“Flying Blind, Flying Safe” by Mary Schiavo


Flying Blind, Flying SafeParts of this book are disturbingly familiarfor those who follow the FAA’s internal infighting, politicking and intrigue.Mary Schiavo, as the Inspector General of the Department of Transportation,tried to dig into the inner workings of the FAA, intrude on the good-old-boynetwork and root out mutual hand holding between the inspected and the inspectee.Unfortunately, she achieved only a modicum of success and a great deal offrustration. Of all the emotions — and there are quite a few coming fromthis book — Ms. Schiavo’s frustration is at the head of the list. Whilewe don’t agree with many of her conclusions, the book makes interesting readingand provokes lots of thought.

In the book’s analysis of the ValuJet tragedy, the author makes the casethat the FAA had to have known that ValuJet was not as safe as other airlines.The inference is clear here: that there was a conflict of interest betweenthe FAA job of oversight and the FAA job of promoting aviation. The FAA wantedValueJet to survive, but in order to help that along the FAA did not do agood enough job of overseeing and enforcing all the rules.

While ValuJet is a particular case, Ms. Schiavo is also critical of the FAAinspectors, some of whom are not qualified to do their jobs. The main criticismshe offers is the FAA’s reluctance to do anything about its many shortcomings,some of which she, as Inspector general, brought to their attention. Whilewe all know that any government agency is by definition “political”, theFAA seems to have gone over the deep end in this regard.

How safe do we want our airlines to be? A friend who ran a charter serviceonce related a story to me about a customer who asked how safe was the flighthe was about to make considering the poor weather he saw outside. My friendreplied, “We don’t think about how safe, we just decide ifthe flight can be made safely — if so we fly the trip, if not we don’t go.It is either safe or it isn’t.”

Do any of us think about the fact that night IFR is not as safe as day VFR?Will you fly IFR in a single engine airplane? At night? We all know thatnothing is 100% except taxes and the “D” word. So, how safe should a flightbe?

Flying Blind, Flying Safe tells us that the FAA has a formula thatgives a value to human life, and using that number decides if the extra costof extra safety is worth it dollars that need to be spent. For example, ifequipping the airline fleet with smoke detectors in their baggage compartmentswould cost $100 million, but it would only save 10 lives each of which isworth $1 million, then spending the $100 million to save $10 million in livesis not worth doing. This is not acceptable to the author. (Note:The numbers used here are not real numbers, just ones used for explanationpurposes).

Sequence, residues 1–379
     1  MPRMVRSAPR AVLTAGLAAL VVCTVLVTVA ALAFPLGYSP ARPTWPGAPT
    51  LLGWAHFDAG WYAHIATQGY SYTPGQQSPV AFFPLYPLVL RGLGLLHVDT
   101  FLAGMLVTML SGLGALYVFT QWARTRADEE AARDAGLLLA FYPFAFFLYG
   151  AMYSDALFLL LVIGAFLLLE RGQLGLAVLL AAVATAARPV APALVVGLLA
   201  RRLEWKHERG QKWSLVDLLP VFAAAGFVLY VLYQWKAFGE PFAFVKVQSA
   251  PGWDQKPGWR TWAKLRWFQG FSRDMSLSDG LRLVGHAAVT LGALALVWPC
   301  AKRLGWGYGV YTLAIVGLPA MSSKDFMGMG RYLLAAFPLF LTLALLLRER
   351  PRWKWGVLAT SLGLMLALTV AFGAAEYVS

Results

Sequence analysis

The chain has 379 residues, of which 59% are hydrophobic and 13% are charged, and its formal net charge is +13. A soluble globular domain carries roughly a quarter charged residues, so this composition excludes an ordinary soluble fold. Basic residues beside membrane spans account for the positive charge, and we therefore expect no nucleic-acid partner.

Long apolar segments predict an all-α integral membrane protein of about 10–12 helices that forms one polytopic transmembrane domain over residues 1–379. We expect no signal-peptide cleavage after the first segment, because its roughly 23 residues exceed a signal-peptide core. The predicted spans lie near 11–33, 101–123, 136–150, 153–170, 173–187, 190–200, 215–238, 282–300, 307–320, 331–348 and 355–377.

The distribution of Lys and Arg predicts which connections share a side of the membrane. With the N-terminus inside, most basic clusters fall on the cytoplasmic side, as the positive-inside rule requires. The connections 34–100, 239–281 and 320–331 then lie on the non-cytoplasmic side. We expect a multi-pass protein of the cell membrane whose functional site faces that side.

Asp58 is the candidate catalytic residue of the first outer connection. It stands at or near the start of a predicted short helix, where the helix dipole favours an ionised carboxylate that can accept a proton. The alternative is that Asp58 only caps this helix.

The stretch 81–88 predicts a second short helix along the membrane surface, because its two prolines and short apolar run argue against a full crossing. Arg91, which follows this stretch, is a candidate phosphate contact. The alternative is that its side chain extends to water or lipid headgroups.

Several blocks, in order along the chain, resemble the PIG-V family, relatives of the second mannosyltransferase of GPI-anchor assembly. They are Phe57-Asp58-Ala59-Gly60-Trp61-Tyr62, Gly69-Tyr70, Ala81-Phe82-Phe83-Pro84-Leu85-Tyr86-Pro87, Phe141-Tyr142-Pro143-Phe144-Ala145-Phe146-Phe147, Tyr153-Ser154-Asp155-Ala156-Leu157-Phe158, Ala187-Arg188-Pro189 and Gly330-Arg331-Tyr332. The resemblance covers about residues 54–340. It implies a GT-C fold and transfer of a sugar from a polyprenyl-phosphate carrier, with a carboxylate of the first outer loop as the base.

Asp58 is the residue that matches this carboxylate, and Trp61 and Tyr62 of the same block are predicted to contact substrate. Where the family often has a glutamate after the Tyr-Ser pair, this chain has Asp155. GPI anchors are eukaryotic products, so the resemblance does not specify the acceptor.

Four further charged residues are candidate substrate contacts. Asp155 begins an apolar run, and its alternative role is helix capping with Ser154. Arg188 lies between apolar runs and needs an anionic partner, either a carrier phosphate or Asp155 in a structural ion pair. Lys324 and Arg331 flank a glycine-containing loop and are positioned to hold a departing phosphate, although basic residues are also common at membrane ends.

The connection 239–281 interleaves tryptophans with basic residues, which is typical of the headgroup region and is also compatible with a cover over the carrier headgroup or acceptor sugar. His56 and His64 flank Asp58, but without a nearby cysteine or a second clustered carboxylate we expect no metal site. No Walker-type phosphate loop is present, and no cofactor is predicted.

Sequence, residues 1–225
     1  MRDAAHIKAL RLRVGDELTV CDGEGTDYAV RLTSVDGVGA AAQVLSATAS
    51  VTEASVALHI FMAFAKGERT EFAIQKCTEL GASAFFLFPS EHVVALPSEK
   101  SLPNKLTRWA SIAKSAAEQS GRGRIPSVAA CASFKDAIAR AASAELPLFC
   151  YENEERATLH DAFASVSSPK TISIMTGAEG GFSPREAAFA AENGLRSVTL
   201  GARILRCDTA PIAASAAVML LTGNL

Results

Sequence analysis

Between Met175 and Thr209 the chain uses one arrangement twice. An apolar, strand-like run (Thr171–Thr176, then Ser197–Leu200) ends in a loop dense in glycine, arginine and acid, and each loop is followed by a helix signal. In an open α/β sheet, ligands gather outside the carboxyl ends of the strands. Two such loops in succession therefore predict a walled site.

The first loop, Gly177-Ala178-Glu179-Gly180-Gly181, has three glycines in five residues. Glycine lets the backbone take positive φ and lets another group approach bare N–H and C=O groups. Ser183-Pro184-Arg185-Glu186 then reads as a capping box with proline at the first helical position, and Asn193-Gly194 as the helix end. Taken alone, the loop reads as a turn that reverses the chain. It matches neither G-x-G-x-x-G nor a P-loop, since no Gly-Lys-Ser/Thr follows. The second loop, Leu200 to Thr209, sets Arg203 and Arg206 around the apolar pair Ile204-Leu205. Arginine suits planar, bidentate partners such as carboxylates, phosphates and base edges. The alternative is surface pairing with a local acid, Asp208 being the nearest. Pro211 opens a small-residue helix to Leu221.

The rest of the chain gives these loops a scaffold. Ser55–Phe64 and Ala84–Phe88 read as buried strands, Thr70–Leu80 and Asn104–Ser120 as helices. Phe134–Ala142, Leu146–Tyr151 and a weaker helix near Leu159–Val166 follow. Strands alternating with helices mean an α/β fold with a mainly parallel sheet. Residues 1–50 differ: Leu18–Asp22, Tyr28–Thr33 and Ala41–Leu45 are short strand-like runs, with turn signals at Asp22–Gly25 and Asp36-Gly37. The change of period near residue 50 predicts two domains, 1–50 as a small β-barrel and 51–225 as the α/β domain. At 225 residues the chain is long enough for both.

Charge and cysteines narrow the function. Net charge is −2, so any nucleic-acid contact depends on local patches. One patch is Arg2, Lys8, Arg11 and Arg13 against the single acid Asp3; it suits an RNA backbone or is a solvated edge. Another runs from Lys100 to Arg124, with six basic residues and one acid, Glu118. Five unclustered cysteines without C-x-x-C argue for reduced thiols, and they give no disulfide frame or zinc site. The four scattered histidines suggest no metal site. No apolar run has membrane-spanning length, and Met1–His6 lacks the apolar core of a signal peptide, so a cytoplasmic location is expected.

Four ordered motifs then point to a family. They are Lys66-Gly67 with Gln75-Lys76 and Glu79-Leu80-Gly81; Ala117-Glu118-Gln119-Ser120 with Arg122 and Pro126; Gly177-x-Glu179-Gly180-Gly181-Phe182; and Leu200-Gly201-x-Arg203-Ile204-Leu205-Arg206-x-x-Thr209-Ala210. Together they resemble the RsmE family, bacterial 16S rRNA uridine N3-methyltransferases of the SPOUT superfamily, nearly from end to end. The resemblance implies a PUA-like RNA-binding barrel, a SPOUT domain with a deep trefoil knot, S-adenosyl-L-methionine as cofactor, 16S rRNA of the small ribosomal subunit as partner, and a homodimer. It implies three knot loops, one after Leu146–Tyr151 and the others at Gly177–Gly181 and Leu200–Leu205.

While equating human lives to a specific dollar amount is upsetting, theremust be limits on what we would spend to make flying 100% safe. While wemust strive to make flying as safe as possible, we must also realize thatit is not without risk, even if that risk is exceptionally small.

Ms. Schiavo is equally damning of the internal FAA politics and normal operatingprocedures. The administrator job, she charges, is just a glorified flyingclub. The administrators used the job to get rated in all types of aircraftoperated by the FAA, spending time in the cockpit when they should have beenspending the time running the Agency. She writes, “I can’t remember whenI started calling these men the ‘Kidney Stone Administrators,’ but I do knowthat it became apparent to me early on that they were tolerated only becauseeveryone at the FAA knew it was merely time before they would pass.”

I found the chapters on the ValuJet crash, the FAA, bogus parts and otherhard information on how the FAA operated and didn’t operate to be interestingand thought-provoking. But when the book descends into aging airplanes, whereto sit in commercial airlines to maximize your safety, which carriers havethe best/worst accident rate and a final suggestion about which carriersnot to fly, it loses credibility. There is more “scare” thanfacts in this part of the book and it diminishes the important issues broughtout in the first part. Without regard for the law of holes which says, “whenyou are in a hole, stop digging,” the book recommends that you carry yourown smoke hoods, call the local FAA weather station to get a weather reportto decide if you want to fly, avoid flying in thunderstorms and to keep aneye out for ice and snow on the plane’s wings; then speak up and point itout to the cabin crew. All of this cheapens the effect and reduces the bookto a trite “airline safety” novel.

On the whole, the book has some worthwhile sections notwithstanding the soapopera ramblings at the end. Read the first half, then pass it along to anotherpilot-friend.